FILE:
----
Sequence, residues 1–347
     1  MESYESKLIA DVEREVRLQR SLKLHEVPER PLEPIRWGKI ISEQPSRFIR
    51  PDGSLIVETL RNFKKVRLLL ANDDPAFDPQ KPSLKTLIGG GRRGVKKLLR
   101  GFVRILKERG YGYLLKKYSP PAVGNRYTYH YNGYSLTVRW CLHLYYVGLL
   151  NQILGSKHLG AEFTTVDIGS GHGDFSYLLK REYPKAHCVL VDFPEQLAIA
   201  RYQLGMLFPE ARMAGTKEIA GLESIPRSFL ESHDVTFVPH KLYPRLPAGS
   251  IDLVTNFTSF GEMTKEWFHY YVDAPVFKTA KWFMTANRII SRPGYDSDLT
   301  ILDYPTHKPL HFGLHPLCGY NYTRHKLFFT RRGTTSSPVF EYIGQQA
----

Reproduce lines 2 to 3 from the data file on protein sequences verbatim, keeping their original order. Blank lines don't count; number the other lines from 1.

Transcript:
     1  MESYESKLIA DVEREVRLQR SLKLHEVPER PLEPIRWGKI ISEQPSRFIR
    51  PDGSLIVETL RNFKKVRLLL ANDDPAFDPQ KPSLKTLIGG GRRGVKKLLR